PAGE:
Mahoney crowned A-Cat North American Champion by one point

Bruce Mahoney - ISAF International A-Class Catamaran North American Championship 2014
Ocean Images
ISAF International A-Class Catamaran North American Championship 2014 - Moon misses win after hooking crab pot on final day; High School student Herrin rounds out podium.

The Outer Banks’ Croatan Sound had a going-away gift for the nearly 50-strong 2014 SailNC A-Class North American Championship fleet on their final day of racing; Perfect weather and a beautiful, 8-12 knot Northerly breeze. Houston’s Bruce Mahoney found himself back on form after falling to second place overnight to Friday’s standout performer Ben Moon; the Texan led from start to finish in the first race of the day, while Tampa Bay’s Moon saw his championship slipping away. 'After catching a crab pot, I found myself in something like 13th place on the first race,' said Moon. 'I was able to grind back to fifth, but with Bruce winning that race and taking a two-point lead, I knew my chances of taking my first North American title were slipping away.'

Moon’s fifth place in Race five would prove decisive. Despite his sailing to a monster win in the final race - finishing more than three minutes ahead of the second place boat - Moon couldn’t overtake Mahoney’s lead.

This is Mahoney’s first North American Championship win, and he said it was one of the most challenging regattas he’s ever sailed. 'We’ve had just about every condition you could possibly have in what was basically lake sailing conditions all week, and with Ben pushing me constantly, there was never a lot of room for mistakes,' said Mahoney, who welcomes the chance to return to Manteo for another event. 'The hospitality here in North Carolina was wonderful, and SailNC did a great job with extremely fickle wind conditions; just a great time all around.' Moon agreed. 'We stayed out at the beach and surfed every morning before sailing, and you just can’t beat that!'

The scientists used the Computerized Scanning and Imaging Facility at WHOI to get CT scans of their coral skeleton core samples.
Tom DeCarlo, WHOI

18 year old Jeremy Herrin rounded out the podium, finishing six points off the leader, and he said he felt good about it. 'I got fifth place in the North Americans last year, so this is a solid improvement and I’m pretty happy,' said Herrin, who started the day in 28th place. Herrin says he thinks more young adults should be sailing these boats. 'Ask around at your club or email the Class association; it’s one of the most helpful bunch of people around and non-stop fun.'

The CT scan images have a resolution of about the width of a human hair. The images show the borings made by bioeroders in the coral skeleton.
Tom DeCarlo, WHOI

Seattle sailor Ken Marshack earned the distinction not only of traveling the furthest of any competitor, but also the title of 'North American Intergalactic Champion', a voluntary sub-class for older boats and bodies. 'It’s been great fun, and I want to thank the volunteers and SailNC for a wonderful time,' said Marshack.

Leg three, Day four - Decision time! - Dongfeng still holding the lead as they approach lighter winds. Key day for Leg 3 as the fleet take the decision when to gybe out to better winds and aim to hit the north east Monsoon winds first - Volvo Ocean Race 2014-15.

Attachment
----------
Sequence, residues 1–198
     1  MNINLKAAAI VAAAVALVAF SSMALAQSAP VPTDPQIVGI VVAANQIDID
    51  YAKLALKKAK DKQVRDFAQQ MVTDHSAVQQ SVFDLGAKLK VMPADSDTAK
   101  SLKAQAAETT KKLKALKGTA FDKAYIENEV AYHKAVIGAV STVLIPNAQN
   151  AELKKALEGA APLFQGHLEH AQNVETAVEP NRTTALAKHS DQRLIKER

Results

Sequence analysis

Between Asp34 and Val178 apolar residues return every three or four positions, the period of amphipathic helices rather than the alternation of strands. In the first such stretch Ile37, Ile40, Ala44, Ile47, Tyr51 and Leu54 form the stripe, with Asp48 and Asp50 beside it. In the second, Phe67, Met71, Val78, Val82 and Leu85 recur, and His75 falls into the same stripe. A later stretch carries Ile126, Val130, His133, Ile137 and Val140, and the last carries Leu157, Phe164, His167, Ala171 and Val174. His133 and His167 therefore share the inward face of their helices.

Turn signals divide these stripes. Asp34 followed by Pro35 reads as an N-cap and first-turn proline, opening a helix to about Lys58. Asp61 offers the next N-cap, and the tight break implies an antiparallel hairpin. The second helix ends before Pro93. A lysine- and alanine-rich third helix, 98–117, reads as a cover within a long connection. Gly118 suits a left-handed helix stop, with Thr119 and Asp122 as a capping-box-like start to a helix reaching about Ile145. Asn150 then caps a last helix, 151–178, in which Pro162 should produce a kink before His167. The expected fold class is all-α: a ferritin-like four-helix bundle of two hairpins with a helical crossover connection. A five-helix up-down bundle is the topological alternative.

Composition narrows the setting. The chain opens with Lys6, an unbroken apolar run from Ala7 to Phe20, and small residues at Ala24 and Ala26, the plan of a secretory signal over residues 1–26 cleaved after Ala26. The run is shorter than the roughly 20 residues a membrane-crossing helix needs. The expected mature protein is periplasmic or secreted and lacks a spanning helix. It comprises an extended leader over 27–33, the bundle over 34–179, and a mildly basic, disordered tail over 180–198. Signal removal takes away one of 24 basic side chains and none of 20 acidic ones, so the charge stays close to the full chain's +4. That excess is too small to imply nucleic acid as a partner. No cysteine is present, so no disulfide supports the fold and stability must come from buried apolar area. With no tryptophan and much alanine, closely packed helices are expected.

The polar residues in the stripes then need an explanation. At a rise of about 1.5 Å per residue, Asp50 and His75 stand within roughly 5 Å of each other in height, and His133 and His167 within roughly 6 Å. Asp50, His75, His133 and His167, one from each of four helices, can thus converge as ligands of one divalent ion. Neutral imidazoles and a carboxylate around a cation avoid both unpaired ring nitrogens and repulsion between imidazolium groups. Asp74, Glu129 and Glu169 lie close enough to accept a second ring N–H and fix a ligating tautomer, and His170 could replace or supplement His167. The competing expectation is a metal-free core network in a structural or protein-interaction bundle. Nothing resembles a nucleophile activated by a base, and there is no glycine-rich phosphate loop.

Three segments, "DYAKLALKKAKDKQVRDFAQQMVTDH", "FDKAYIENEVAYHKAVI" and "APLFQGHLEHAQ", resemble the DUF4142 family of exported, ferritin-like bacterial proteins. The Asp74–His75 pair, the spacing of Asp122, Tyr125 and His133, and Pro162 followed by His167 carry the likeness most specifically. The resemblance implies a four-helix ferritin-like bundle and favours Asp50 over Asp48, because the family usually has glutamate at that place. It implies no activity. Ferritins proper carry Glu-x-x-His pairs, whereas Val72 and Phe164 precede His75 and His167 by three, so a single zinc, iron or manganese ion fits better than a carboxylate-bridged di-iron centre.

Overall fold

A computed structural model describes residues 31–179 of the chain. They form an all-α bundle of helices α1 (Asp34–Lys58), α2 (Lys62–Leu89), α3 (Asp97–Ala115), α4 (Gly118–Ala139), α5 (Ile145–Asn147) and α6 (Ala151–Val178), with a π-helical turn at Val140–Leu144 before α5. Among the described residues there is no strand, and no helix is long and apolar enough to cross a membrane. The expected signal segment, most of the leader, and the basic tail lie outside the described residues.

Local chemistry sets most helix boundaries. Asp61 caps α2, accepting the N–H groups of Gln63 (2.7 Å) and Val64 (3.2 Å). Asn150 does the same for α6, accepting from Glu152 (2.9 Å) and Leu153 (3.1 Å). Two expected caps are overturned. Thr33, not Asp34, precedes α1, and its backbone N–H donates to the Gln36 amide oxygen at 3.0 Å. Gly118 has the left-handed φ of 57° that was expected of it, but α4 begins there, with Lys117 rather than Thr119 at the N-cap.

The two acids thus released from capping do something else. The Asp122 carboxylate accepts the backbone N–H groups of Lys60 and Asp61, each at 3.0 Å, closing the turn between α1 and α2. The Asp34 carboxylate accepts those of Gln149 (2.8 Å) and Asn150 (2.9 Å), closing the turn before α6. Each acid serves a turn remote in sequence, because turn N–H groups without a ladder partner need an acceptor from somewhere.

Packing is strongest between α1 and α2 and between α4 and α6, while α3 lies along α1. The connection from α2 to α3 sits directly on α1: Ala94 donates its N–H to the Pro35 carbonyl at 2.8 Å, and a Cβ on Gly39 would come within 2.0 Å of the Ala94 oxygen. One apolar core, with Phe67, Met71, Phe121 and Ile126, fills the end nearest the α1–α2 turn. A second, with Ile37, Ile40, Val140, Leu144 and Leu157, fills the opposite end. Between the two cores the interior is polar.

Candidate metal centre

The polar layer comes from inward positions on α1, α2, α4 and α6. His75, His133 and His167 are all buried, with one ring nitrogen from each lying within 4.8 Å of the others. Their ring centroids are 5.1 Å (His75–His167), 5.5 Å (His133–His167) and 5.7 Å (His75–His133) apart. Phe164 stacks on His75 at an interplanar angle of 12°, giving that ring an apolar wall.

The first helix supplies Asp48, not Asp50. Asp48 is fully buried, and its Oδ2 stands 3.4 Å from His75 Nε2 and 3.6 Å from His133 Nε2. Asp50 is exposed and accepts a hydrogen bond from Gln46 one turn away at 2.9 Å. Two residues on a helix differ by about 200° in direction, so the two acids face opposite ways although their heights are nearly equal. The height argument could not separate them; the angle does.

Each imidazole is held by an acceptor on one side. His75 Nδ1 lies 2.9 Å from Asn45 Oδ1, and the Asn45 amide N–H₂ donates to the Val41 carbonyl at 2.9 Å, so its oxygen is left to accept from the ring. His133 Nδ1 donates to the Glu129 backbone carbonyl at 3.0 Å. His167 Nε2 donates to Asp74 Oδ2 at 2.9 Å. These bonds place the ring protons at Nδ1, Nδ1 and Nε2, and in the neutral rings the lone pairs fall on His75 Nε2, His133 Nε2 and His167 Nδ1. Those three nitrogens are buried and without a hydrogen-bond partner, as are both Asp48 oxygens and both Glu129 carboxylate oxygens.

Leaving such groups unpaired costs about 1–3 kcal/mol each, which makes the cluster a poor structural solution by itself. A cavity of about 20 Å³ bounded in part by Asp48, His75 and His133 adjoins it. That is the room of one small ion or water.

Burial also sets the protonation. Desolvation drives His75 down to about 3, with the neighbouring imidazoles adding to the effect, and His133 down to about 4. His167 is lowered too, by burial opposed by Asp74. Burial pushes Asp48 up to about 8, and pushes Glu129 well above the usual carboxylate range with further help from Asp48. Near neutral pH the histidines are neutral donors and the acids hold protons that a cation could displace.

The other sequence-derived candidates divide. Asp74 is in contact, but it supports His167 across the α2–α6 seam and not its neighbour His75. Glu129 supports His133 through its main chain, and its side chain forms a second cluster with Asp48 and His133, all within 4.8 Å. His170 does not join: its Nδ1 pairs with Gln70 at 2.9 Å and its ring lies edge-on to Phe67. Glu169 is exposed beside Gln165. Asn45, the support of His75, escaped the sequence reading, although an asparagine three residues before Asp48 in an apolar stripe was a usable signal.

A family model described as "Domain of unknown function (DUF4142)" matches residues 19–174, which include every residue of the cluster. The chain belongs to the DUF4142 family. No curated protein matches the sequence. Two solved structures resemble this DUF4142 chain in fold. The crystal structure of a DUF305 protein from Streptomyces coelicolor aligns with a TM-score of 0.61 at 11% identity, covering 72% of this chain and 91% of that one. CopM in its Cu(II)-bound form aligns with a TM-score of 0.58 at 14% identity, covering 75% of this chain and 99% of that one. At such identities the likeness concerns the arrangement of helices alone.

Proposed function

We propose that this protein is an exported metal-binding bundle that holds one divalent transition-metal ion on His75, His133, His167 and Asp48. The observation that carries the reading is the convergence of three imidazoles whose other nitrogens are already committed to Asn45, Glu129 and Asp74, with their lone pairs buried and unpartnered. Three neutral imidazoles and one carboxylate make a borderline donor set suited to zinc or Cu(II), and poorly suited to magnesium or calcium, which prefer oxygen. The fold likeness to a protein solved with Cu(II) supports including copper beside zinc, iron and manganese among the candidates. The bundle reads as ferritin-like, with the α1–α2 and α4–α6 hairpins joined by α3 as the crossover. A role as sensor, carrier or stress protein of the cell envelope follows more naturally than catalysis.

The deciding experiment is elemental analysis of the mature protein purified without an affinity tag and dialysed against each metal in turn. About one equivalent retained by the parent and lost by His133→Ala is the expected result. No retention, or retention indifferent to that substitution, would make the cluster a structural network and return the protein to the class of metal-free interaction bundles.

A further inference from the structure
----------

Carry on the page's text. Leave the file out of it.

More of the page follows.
Sam Greenfield / Volvo Ocean Race

Championship Fleet
1. USA 311, Bruce Mahoney - Total - 8
2. AUS 11, Ben Moon - Total - 9
3. USA 31, Jeremy Herrin - Total - 14
4. USA310, Woody Cope - Total - 22
5. USA230, Bob Hodges - Total - 22

Coral reefs need to grow just below the sea surface so that the corals’ symbiotic photosynthetic algae can absorb sunlight. If they are submerged too deep, the ecosystem wastes away without solar energy to make food. In a healthy ecosystem, this delicate balance is achieved by a constant and often overlooked tug-of-war. As corals build their skeletons up toward the sea surface, other organisms—mollusks, worms, and sponges—bore into and erode the skeletons to create shelters.
Tom DeCarlo, WHOI

Intergalactic Fleet
1. USA192, Ken Marshack, - Total 4
2. USA335, Martin Hamilton, - Total 7
3. USA44, Joe Leonard, - Total 11
4. USA122, John Schiefer, - Total 14
5. USA17, Mark Batchelor, - Total 17

Intergalactic Fleet
USA192, Ken Marshack, - 1, 14, 2, 6, 1, - Total 4
USA335, Martin Hamilton, - 2, 9, 1, 16, 4, - Total 7
USA44, Joe Leonard - 5, 15, 3, 15, 3, - Total 11
USA122, John Schiefer, - 5, 20, 4, 21, 5, - Total 14
USA17, Mark Batchelor, - 5, 27, 10, 12, 2,- Total 17

27 February, 2015. Volvo Ocean Race Village opening in Auckland. John Key - Prime Minister of New Zealand and Steven Joyce - Minister for Economic Development taking a shot with the Trophy in the Tap-Snap activity. Volvo Ocean Race 2014-15
© Ainhoa Sanchez / Volvo Ocean Race

February 25, 2015. Leg 4 to Auckland onboard Team Alvimedica. Day 17. The straight line drag-race to Auckland enters its first full day with the rich only getting richer at the front of the line--always sailing into the stronger winds first. Kiwis Ryan Houston (R) and Dave Swete (L) look ahead towards their home country of New Zealand. Volvo Ocean Race 2014-15
© Amory Ross / Team Alvimedica

Volvo Ocean Race 2014-14 - Leg three - Dongfeng Race Team.
© Sam Greenfield / Volvo Ocean Race

To study a coral, Tom DeCarlo uses an underwater drill to extract a thin core of its skeleton. The drill hole is sealed with cement so that the coral can continue to grow. In about a year, the coral will have grown completely over the hole, leaving no trace of our sampling.
Anne Cohen, WHOI

World ARC 2015 - Crew picture in Saint Lucia.

Ben Ainslie winning the 2010 ISAF Match Racing World Championship at the finals in Malaysia.
Gareth Cooke / AWMRT

Sam Rowe, RYA Sailing Development Officer (SDO) - Lifeskills National Careers Week Day One